This résumé alone is impressive, but wait – Pletcher’s statistics get even better! Over the last 15 years, he’s also saddled half a dozen Belmont runners-up and a trio of third-place finishers. In short, 26% of Belmont Stakes trifecta finishers since 2006 have been trained by Pletcher, a remarkable stat suggesting Pletcher is the king of the Triple Crown’s final jewel.

Support double-digit longshots

While a few top betting choices (Tiz the Law, Justify, and American Pharoah) have visited the Belmont Stakes winner’s circle in recent years, it’s more common for non-favored runners to emerge from the fray on top. Case in point, 12 of the last 15 Belmont favorites (80%) have fallen to defeat, with Sir Winston (10.20-1), Creator (16.40-1), Palace Malice (13.80-1), Ruler On Ice (24.75-1), Drosselmeyer (13-1), Summer Bird (11.90-1), and Da’ Tara (38.50-1) springing upsets at double-digit odds.

To put it another way, seven of the last 13 Belmont winners started at 11-1 or higher, suggesting thinking outside the box with longshots is a better strategy than relying on favorites.

Look for sires who won Grade 1 races over 1 1/8 miles

Pedigrees matter in the Belmont Stakes, and sons of sprinters rarely prevail in the 1 ½-mile race. Indeed, 14 of the last 15 Belmont winners were sired by stallions who won Grade 1 races over 1 1/8 miles or farther. Class and stamina are prerequisites for success in the Belmont, and the progeny of stallions who excelled at high levels running long are more likely to visit the winner’s circle.


In handicapping the 2021 Belmont Stakes through a historical lens, we would ideally find a Todd Pletcher-trained longshot with some degree of tactical speed, sired by a Grade 1-winning router and slated to be ridden by Mike Smith, exiting either the Kentucky Derby or Peter Pan Stakes.

Such a specific combination is hard to find, of course, though a few runners come close. Pletcher’s Known Agenda won’t be a longshot, and he won’t have Mike Smith aboard, but the Grade 1 Curlin Florida Derby Presented by Hill ‘n’ Dale Farms at Xalapa winner does have some tactical speed and is a son of two-time Horse of the Year Curlin, who won a bevy of Grade 1 races over 1 1/8 miles or farther. Known Agenda didn’t get the best trip when finishing ninth in the Kentucky Derby Presented by Woodford Reserve and is eligible to improve while stretching out over 1 ½ miles in the Belmont.

Pletcher’s Overtook is also worth considering. Exiting a third-place finish in the Peter Pan Stakes, the son of Curlin doesn’t have much tactical speed, but he’s bred top and bottom to thrive over 1 ½ miles and has yet to win a graded stakes, so he’s likely to start at double-digit odds.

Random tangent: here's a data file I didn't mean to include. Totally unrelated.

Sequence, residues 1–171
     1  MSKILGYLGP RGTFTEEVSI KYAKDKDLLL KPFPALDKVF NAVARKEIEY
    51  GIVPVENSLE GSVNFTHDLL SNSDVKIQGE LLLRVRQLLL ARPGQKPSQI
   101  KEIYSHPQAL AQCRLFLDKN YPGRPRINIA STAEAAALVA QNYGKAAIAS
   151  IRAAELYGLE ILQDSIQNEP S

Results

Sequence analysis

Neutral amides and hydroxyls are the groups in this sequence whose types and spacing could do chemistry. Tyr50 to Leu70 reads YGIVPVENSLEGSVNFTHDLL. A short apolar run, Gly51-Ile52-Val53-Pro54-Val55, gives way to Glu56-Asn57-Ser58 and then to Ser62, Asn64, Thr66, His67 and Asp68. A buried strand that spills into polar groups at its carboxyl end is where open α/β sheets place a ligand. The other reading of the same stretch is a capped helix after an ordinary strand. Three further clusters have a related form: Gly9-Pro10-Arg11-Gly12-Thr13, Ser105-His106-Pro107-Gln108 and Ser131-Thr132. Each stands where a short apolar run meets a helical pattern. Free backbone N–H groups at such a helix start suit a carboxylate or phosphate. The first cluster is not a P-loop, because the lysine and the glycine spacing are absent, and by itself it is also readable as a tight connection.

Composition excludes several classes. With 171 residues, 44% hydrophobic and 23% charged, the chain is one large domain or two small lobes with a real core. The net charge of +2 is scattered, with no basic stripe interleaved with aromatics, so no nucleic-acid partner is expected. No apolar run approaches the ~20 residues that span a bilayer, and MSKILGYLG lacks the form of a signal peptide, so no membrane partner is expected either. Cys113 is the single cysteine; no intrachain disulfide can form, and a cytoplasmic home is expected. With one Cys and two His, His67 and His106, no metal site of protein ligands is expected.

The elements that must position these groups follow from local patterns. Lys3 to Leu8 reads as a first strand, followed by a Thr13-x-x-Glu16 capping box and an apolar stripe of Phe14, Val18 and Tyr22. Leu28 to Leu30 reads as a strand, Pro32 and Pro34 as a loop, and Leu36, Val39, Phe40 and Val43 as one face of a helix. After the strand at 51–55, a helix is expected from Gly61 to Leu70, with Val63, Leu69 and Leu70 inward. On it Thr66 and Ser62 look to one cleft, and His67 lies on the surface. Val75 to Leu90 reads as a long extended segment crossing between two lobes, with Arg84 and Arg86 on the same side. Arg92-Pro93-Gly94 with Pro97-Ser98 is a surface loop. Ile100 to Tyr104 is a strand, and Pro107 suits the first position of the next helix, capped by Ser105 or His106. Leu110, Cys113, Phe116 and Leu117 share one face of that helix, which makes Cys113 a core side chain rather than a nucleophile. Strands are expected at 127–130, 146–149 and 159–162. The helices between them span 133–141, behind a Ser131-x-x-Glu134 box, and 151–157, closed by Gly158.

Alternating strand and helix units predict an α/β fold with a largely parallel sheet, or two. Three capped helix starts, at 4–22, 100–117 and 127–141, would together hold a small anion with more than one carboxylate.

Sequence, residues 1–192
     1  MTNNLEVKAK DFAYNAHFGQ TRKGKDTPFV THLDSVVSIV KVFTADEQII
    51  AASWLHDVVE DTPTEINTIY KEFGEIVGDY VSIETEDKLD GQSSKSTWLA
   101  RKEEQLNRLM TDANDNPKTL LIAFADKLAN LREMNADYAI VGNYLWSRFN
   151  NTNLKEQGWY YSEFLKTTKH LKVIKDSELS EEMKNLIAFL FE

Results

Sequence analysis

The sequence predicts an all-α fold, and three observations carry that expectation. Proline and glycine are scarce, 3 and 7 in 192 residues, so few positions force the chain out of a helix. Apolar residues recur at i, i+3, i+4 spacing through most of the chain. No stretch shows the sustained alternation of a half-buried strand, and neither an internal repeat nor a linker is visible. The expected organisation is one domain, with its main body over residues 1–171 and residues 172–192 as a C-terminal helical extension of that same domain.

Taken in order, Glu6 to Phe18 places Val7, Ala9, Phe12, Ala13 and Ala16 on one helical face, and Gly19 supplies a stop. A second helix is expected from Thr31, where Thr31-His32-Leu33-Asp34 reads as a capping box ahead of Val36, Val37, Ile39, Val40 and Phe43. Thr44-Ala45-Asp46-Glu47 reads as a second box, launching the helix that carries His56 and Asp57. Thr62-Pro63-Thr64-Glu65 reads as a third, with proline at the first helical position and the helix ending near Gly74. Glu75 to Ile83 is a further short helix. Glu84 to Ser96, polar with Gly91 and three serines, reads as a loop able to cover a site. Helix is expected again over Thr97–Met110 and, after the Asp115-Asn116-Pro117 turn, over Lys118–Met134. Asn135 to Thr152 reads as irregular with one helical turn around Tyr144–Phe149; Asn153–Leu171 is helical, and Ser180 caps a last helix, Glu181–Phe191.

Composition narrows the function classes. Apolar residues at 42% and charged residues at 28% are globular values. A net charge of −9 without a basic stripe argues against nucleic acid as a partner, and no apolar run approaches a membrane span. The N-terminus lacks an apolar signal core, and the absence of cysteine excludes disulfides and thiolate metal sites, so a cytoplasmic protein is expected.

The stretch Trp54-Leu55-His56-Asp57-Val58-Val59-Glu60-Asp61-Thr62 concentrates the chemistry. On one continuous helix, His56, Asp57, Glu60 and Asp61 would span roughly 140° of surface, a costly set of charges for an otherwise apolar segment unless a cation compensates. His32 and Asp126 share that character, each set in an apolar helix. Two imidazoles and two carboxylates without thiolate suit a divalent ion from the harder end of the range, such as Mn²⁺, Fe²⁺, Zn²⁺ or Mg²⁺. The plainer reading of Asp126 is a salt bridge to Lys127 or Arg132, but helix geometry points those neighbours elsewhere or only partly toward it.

One runner who misses on several of the historical Belmont trends is Preakness Stakes winner Rombauer, who skipped both the Kentucky Derby and the Peter Pan. Sire Twirling Candy failed to win a Grade 1 race over 1 1/8 miles or farther, and Rombauer tends to be more of a deep-closing type than a speed horse. He’ll also be a short price in the betting, so history suggests others might be preferable for playing on top.

Grade 2 UAE Derby Sponsored by Emirates NBD winner Rebel’s Romance is another horse with obstacles to overcome. While he does have Mike Smith in his corner, Rebel’s Romance failed to contest the Kentucky Derby or Peter Pan, and his sire – Dubawi – secured his Group 1 victories (the European equivalent to Grade 1 stakes) running one mile or less, rather than 1 1/8 miles or farther.

Meanwhile, possible Belmont Stakes favorite Essential Quality is a mixed bag of credentials. The Brad Cox trainee is reasonably tactical and is a son of 1 1/8-mile Grade 1 Wood Memorial winner Tapit, who has already sired three winners of the Belmont Stakes. Furthermore, Essential Quality is exiting the Kentucky Derby, where he finished fourth by just one length after racing wide. But do we want to count on a favorite when longshots have been outperforming short-priced runners in the Belmont?

Suffice to say, the 2021 Belmont Stakes is shaping up to be a wide-open event, so hopefully history will help us narrow down the list of key contenders. Good luck with your handicapping, and enjoy the race!